Thursday, 6 February 2014

Four new fungi for Hampshire in 2014

Fomitiporia hippophaeicola
What better way to start the year than to add four new species of fungi to the Hampshire mycota.The first Fomitiporia hippophaëicola was found in early January by Phil Budd on the outskirts of the Hythe Marina.  Phil found several fruitbodies, 4-8cm across, on the trunks of Sea Buckthorn (Hippophaë rhamnoides), its preferred host in the UK. With nearly 90 records in the UK it is perhaps surprising that something as large as this has no been noticed before in Hampshire.

The remaining three fungi were all found near Fritham in the New Forest by Alan Lucas and were all resupinate or crust fungi which to the naked eye can appear superficially similar. They are affectionately known as 'Paint Jobs' in much the same manner as the 'Little Brown Jobs' applies in the bird world. However under the hand lens and especially the microscope a whole new world opens up, I kid you not.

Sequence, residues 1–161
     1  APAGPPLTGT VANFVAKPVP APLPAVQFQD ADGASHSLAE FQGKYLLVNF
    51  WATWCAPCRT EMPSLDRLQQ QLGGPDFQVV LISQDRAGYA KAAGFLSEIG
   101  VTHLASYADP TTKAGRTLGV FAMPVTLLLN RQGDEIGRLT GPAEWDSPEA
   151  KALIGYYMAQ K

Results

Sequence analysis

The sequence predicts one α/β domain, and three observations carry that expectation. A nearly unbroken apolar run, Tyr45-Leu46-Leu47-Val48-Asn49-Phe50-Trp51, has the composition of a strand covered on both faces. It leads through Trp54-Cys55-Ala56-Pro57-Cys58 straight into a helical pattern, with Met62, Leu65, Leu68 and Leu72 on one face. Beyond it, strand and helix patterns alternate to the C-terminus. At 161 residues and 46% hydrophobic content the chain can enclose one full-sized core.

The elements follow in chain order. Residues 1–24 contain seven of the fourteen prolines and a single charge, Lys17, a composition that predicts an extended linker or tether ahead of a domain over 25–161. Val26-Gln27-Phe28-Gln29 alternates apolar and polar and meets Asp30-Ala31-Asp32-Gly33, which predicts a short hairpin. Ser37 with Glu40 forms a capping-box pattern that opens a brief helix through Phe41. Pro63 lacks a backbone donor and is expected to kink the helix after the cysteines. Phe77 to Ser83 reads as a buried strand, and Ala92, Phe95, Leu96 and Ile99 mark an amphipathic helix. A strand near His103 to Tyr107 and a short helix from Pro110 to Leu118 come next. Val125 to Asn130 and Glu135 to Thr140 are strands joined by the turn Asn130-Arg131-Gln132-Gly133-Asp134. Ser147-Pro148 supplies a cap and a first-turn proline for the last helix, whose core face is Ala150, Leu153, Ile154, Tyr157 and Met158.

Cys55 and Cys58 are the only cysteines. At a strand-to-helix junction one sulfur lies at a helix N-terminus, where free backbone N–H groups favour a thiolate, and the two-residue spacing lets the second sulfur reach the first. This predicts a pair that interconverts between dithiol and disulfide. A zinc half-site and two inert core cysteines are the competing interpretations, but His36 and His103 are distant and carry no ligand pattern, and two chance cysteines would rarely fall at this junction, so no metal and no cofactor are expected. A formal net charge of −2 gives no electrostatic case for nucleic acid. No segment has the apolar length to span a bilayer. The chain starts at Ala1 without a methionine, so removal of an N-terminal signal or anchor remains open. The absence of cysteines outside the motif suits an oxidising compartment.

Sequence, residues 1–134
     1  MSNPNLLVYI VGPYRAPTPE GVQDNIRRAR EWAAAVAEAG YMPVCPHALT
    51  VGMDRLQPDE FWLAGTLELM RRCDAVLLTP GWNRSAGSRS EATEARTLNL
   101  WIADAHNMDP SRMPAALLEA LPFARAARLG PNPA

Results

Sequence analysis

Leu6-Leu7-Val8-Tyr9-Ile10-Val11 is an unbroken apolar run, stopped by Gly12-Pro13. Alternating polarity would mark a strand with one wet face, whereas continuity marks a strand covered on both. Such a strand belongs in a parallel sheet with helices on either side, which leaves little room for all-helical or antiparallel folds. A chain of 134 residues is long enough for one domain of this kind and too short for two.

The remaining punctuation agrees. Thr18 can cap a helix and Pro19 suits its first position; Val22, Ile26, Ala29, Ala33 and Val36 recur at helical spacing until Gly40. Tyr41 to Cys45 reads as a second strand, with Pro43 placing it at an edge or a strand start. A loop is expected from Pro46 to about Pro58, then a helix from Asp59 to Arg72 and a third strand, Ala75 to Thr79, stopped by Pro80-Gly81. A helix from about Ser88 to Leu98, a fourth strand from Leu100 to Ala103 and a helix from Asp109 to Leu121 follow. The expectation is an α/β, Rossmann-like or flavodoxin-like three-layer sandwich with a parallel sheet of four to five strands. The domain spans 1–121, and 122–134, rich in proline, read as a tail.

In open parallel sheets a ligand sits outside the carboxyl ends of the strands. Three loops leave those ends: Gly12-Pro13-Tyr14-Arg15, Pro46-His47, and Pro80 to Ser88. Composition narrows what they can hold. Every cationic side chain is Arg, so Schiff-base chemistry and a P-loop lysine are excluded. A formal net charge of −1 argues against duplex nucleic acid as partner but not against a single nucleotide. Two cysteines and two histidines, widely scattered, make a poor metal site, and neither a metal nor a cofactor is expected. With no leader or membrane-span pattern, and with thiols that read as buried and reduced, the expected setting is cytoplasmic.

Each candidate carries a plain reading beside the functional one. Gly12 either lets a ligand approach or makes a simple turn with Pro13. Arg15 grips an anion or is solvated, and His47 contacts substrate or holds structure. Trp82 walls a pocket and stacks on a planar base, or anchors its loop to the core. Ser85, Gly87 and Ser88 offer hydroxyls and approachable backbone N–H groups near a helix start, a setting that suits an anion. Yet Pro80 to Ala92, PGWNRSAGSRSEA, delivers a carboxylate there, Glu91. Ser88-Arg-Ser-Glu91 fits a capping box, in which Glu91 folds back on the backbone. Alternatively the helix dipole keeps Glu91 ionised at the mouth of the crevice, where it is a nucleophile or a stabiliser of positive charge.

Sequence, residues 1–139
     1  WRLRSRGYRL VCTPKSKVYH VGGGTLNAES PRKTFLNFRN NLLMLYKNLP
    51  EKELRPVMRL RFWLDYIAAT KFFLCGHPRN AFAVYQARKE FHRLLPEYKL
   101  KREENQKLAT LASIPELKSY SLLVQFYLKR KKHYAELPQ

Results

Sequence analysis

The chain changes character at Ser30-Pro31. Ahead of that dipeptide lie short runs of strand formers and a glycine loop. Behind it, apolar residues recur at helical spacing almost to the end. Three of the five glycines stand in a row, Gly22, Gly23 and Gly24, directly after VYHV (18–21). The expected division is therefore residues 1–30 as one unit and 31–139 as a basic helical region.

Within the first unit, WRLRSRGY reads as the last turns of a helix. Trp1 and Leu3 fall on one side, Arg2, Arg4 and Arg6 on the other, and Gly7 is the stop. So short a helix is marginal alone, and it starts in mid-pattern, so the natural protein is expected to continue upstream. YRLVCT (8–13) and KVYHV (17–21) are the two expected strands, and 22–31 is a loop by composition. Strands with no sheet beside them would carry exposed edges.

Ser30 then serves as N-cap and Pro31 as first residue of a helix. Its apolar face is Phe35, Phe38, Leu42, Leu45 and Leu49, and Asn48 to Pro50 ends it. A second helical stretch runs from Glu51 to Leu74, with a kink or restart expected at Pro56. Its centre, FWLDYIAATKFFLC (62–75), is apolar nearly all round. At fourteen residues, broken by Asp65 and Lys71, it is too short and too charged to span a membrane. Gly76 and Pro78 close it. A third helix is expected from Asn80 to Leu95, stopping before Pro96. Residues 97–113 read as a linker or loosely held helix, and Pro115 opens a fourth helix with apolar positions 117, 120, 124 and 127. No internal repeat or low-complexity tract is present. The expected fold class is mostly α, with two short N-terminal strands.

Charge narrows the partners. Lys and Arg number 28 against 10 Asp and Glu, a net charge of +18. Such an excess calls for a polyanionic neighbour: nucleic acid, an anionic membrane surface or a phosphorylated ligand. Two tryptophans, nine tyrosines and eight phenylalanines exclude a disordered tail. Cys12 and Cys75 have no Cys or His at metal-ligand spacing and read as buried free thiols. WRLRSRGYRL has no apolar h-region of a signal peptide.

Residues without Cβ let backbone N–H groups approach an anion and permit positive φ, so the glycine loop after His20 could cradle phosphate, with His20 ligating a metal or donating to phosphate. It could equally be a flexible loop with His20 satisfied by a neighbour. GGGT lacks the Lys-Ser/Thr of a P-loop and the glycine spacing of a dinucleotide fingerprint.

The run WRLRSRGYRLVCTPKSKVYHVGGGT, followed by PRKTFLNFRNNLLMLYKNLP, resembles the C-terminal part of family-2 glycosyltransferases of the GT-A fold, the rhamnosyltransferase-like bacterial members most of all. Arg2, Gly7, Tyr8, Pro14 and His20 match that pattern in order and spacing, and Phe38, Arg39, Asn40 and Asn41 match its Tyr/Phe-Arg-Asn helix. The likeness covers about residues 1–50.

Odonticium romellii
The first of these , Odonticium romellii, was also the first time this species had been found in England. The previous three records for this species were all in Scotland in South Aberdeen or Easterness. The New Forest often seems to lucky in being home to otherwise Scottish fungi.
The next new record for Hampshire was Tubulicrinis chaetophorus which was only the second time it had been recorded in the UK, the only other seemingly recorded site is South Devon where it was recorded by Peter Roberts over 20 years ago.

Globulicium hiemale
Finally but by no means least was Globulicium hiemale. Another 'Paint Job'  but with distinctive features including round globose spores which presumably gives the Genus its name, this species being the type species. It certainly lived up to its specific name 'hiemale' or winter, appearing as it did in the middle of January. There are only a handful of other UK sites for this species.
I suspect we shall never know what made Fritham so special this January but what a cracking start this is for the New Year.

Thanks to Paul Hugill, Stuart Skeates and Alan Lucas for the photographs.

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